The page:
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Fundraising Fundamentals, Section 10.6

HEFCE

Gift Acceptance Policies

When offered a donation, the immediate reaction of most organisations is to gratefully accept.

This might not always be the best decision.

What if the gift comes from a dubious source? What if the donor wants to use the gift to further his or her own agenda? The institution runs the risk of damaging its reputation,  or it might be accepting a gift that  costs much time and money to administer.

It is sensible to have a policy in place that defines what gifts are acceptable and what the institution’s obligations (if any) might be should it accept a gift. Gift acceptance policies make it easier for an institution to accept a gift with a clear conscience and just as easily reject an unsuitable gift. They reduce risk and should be one of the first things an institution develops as it sets the boundaries for the fundraising activity.

The Process of Developing a Gift Acceptance Policy

Developing a gift acceptance policy is a chance for an organisation to discuss how  to handle the practical issues that can be triggered by certain fundraising scenarios.

Working through various scenarios is a useful exercise for both fundraising and other senior staff and helps develop a fundraising culture that adopts a sensible, professional approach to gift acceptance.

The process is closely related to ethics, and it is often useful to have input from independent advisers who can bring an objective perspective.

Developing a gift acceptance policy can strengthen an institution’s internal gift administration procedures, but both policy and procedures benefit from regular reviews to ensure that they are compatible.

What Should a Gift Acceptance Policy Contain?

First,  a gift acceptance policy should specify who is responsible for the policy’s implementation and administration. This is normally handled by a committee of senior staff (both fundraisers and non-fundraisers) and independent representatives. It is also advisable for the committee to include representatives from the financial and legal sector.

A policy might also contain:

  • A reminder of the institution’s purpose in raising funds – the mission statement,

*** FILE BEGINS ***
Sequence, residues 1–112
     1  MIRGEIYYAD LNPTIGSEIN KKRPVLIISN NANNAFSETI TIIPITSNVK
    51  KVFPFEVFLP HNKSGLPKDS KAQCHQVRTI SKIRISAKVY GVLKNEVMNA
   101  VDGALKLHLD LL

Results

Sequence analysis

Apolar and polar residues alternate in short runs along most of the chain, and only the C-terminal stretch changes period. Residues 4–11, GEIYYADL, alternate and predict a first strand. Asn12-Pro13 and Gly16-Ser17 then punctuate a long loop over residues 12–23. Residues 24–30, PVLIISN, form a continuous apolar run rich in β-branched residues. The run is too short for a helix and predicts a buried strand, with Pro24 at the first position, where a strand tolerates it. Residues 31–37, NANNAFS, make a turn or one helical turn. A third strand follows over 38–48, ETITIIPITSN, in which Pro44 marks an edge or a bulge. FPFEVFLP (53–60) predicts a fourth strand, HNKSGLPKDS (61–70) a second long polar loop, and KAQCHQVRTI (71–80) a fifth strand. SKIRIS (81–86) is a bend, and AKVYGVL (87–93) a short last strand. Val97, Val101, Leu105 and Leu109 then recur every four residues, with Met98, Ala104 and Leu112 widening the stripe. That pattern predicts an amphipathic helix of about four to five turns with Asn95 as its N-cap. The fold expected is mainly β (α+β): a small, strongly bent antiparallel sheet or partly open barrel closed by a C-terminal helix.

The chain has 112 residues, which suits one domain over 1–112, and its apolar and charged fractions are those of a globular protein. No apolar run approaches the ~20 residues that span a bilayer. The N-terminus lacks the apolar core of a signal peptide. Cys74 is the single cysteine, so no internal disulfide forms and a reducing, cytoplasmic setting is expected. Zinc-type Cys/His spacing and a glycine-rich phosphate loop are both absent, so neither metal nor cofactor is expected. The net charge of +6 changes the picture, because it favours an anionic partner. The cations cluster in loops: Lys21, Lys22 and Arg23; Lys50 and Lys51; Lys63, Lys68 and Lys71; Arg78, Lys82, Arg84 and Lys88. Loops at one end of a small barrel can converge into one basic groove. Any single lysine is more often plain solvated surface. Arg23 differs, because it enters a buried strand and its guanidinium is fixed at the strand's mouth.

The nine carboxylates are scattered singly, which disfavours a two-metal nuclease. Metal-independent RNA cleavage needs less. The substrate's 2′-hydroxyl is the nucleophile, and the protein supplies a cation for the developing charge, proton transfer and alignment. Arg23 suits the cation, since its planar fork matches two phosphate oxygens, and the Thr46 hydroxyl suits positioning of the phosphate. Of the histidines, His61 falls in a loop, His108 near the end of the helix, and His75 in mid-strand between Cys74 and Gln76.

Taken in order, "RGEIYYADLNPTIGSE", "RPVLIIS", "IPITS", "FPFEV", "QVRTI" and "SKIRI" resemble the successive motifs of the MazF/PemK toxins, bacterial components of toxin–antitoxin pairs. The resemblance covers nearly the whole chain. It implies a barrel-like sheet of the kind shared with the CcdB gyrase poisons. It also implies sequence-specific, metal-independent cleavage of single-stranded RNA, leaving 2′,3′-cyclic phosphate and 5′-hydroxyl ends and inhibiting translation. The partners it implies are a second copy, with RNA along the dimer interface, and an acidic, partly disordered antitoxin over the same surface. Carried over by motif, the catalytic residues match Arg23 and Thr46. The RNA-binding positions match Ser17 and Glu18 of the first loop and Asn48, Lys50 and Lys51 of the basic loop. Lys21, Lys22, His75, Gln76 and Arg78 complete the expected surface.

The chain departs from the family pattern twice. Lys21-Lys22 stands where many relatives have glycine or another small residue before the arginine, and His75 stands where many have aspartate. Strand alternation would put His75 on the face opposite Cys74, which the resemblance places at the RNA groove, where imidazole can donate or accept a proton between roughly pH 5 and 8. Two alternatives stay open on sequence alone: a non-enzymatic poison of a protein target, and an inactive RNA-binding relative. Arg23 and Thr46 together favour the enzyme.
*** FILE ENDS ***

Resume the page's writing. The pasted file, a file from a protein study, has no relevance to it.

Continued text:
• A statement of the purpose of the policy,
  • The remit of the gift acceptance policy committee,
  • A designation regarding at what point professional advice from lawyers or finance specialists should be sought (e.g.,  if a gift exceeds £1million or a donor wishes to donate a substantial asset),
  • A definition of what constitutes a conflict of interest,
  • A definition of  the institution’s response to proposed gift restrictions (e.g., how to respond if a donor says his gift can only benefit a certain type of student),
  • An outline of the obligations of the institution in relation to the administration and stewardship of gifts,
  • Specifics about  forms gifts are acceptable (e.g., Can you accept gifts from overseas? Can you accept tangible assets?),
  • Information about who is responsible for the completion of a gift (e.g., who pays any legal or banking fees?),
  • A reference to a donor recognition policy,
  • Something on the transfer of liabilities (e.g., if a donor gives your institution a building with sitting tenants, who takes responsibility for the welfare of the tenants? If you are given a share in a racehorse, who is responsible for the horse’s welfare?),
  • An outline of how and when the policy will be reviewed and amended and
  • Information about  any right of appeal.

Without a gift acceptance policy in place, your institution may be forced to react quickly and without time to consider all the possible ramifications when it is offered a major gift. In such circumstances, errors in judgment can be made. It is far better to adopt a pre-emptive approach and establish a strong gift acceptance policy from the start. Your institution will appear more professional, both donor and recipient will have a better fundraising experience, and the risks to both parties will be considerably reduced.


Action Item
  • Determine with the institution’s leader who is responsible for the policy’s implementation and administration of the gift acceptance policy, and create the policy with this committee early on.

You Might Also Want to Read:

Key questions you must be ready to answer
Policies and procedures
Cultivation of major gifts
Cultivation of corporations
Cultivation of government and lottery funding
Legacies/Planned Gifts/Bequests
Stewardship Activities
Gift accounting and reporting
Gift recognition policies


What Would You Do ... ?

A donor wishes to donate a valuable art collection to your institution.

  • Have you considered the practical issues of accepting this gift?
  • Where will you put the art?
  • What about insurance, security and curatorship?

A former student wishes to leave a large bequest to your institution to support a scholarship programme for underprivileged children, but much of his wealth comes from investments in clothing factories that may have exploited child labour.

  • Do you accept?

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CASE provides perspectives on the ethical principles behind the acceptance of gifts and ethical decision-making in fundraising, including responses to frequently asked questions (e.g., How should universities make decisions about whether or not to accept donations? What due diligence should an institution undertake before accepting a gift?).